27.4 The End of Jewish Power in the Peninsula
After the capture of Khaybar the Jews offered to remain in the land and cultivate the palms for the Muslims, saying that they knew more about trees. So the Messenger made a treaty with them enabling them to remain and to take half of the harvest on condition that he could have them leave their lands if this proved to be necessary. The Jews of Fadak did not attempt to fight the Messenger but sought a similar treaty and this was granted to them. He had to fight the Jews of Wadil-Qura and then came to a similar agreement with them. The people of Tihama made an agreement with the Messenger to pay defense tax (jizya) and remained on their land.
This was the end of Jewish power in the peninsula and although they still remained on the land they ceased to be of importance politically or to form an independent entity within the Arab polity. They had used all their cunning and all their power, all the brute force and all the credulity of the idol worshippers to destroy the Messenger, but Allah had willed otherwise. In the end they were defeated and subjugated to Mohamed's will.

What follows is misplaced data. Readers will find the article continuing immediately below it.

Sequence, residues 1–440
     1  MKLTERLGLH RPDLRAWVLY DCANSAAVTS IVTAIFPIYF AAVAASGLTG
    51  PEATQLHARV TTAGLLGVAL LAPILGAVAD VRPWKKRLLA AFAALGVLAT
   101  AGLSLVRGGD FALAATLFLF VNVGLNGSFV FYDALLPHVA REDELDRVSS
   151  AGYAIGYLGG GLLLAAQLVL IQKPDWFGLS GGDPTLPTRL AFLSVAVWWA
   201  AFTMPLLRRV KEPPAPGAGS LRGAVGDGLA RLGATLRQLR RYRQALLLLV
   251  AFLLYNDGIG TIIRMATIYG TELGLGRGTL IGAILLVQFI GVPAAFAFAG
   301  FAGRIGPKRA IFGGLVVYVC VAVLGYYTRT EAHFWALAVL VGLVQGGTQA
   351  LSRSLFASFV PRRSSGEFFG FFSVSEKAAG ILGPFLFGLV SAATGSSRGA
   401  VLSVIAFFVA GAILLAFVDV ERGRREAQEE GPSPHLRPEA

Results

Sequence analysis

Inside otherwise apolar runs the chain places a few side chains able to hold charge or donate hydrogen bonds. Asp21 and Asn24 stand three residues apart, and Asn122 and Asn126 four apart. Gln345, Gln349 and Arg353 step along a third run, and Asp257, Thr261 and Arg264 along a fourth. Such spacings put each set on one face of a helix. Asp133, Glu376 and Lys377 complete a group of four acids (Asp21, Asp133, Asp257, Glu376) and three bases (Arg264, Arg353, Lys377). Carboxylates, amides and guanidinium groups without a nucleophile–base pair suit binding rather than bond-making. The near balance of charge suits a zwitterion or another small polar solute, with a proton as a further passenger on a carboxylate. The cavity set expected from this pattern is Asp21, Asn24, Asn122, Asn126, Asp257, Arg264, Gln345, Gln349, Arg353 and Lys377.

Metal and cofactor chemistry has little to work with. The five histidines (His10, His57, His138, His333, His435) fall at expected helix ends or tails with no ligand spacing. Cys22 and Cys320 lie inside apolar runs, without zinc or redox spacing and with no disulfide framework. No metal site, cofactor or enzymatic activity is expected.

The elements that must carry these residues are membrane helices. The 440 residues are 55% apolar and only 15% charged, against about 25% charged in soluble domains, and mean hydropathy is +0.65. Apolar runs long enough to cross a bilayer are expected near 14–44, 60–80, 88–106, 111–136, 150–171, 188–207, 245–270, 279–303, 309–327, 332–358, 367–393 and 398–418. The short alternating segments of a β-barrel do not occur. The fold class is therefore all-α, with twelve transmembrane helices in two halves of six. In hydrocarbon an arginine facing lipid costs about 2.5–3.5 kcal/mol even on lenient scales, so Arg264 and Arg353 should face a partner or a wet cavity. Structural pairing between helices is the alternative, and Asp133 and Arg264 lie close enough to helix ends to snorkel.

The Messenger spent the revenue that came from the lands of the Jews upon the poor, in freeing slaves, and on the furtherance of religion generally. For himself he took nothing at all and he taught his followers that whatever prophets left was for charity, their heritage being not of this world but in the eternal.
Although Mohamed's Companions were not prophets, they too cared for nothing except the religion that had made them see beyond the limitations of this world. One day Umar ibn AI-Khattab went to consult the Messenger. He had received a piece of land from the wars and wanted to give it to the poor. Should he sell it and distribute the money upon the poor? The Messenger advised him to keep it, thus preserving the capital, but to give away the income he got from it every year. So Umar assigned it to the poor and this was the first gift of its type in the history of Islam.